1) You will lose unless you have some really genuinely extenuating circumstance. I saw a judge let a guy off when he contested his ticket for stopping on the shoulder of the freeway in a non-emergency because he said he needed to answer an important call and he thought it was better than driving and talking on his cell phone. The judge let him go. No other subjective "but it was too far/dark/slow/etc" excuses have ever worked that I've seen.

2) The judge will basically just cut anyone's fine in half if they show up, plead guilty, say they're sorry but they're short on cash.

3) A lawyer probably won't take your case (traffic lawyers are DUI lawyers), and even if he does, it will cost you a lot more to pay the lawyer than the fine and increased insurance premiums.

4) Unless the fine is worth a full day's work for you, I wouldn't even bother, it's not worth the time.
posted by tylerkaraszewski at 4:19 PM on February 13, 2013


Usually first tickets have an option of traffic school and no points. Didn't you get such an option? You should be able to attend this online as well. The 112 should be Admin fees mostly and they should have the breakdown printed on your ticket or somewhere...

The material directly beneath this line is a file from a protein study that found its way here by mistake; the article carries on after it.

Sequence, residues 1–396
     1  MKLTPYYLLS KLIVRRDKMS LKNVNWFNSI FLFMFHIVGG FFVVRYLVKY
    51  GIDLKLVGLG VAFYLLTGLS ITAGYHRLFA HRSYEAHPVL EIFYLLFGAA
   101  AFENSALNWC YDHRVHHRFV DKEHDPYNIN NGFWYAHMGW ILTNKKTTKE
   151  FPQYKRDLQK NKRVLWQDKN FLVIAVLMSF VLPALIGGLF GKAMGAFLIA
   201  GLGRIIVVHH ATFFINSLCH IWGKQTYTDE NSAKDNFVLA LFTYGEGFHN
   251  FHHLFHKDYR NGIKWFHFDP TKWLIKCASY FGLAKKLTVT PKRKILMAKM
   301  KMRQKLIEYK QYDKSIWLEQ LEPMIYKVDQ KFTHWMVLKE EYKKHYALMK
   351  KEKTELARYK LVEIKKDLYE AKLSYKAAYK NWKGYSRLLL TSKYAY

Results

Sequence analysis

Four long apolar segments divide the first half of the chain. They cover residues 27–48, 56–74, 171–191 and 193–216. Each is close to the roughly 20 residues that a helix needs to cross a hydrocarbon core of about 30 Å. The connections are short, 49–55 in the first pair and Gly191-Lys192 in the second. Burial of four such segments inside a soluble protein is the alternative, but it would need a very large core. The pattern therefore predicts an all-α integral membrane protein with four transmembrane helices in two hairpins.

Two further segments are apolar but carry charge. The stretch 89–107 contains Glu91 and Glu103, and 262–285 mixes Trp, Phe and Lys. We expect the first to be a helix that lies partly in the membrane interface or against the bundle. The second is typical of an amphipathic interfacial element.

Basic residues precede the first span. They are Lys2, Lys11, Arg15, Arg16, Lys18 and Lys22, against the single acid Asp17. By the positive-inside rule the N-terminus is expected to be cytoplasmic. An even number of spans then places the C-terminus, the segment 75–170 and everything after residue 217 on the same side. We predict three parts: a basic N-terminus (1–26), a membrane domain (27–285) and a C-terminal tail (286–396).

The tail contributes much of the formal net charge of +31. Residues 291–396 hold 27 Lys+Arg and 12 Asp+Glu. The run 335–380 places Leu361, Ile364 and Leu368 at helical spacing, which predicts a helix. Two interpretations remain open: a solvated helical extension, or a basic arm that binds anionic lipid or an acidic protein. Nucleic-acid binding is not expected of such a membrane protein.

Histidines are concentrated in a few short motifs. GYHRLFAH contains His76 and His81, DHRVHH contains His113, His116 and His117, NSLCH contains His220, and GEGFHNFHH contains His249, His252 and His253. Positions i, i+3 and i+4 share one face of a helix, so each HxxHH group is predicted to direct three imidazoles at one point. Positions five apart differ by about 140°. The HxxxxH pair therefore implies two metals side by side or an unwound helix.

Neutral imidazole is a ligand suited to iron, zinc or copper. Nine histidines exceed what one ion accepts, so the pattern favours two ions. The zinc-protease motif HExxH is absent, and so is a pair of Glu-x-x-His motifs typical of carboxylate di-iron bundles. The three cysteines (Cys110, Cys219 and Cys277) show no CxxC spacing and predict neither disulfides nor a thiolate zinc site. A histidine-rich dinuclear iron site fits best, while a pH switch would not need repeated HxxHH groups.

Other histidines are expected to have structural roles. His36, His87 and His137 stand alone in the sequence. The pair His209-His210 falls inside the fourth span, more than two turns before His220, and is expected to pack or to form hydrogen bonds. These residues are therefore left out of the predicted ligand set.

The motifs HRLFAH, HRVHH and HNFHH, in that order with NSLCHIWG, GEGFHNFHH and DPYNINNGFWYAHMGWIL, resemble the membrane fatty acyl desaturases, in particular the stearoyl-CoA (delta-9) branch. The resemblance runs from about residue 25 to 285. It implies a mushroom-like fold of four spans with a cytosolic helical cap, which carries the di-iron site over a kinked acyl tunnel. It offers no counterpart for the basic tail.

posted by asra at 4:24 PM on February 13, 2013


1) It was only the 2nd time I'd been there and I'm not familiar with the roads. There was literally no traffic in either direction, so I made a U-turn and pulled in.

This part is irrelevant. It was illegal whether or not you were familiar with the streets, and whether or not there was traffic. If you decide to go to court, don't use the no-traffic thing as part of your argument, I don't think it will win you friends.

2) There was a posted "No U-turn" signs, BUT it was well before I got to the entrance to the place and I didn't see it, because I didn't realize I needed to make a U-turn until after I decided to make one.

This part is really, really unclear. There was a sign, but there wasn't? You didn't know you needed to make a u-turn until... after you had done so? Honestly, it sounds like there was a sign, you didn't see it, and you made the u-turn. But I can't tell from the way you have described it. Perhaps I'm misunderstanding your description here.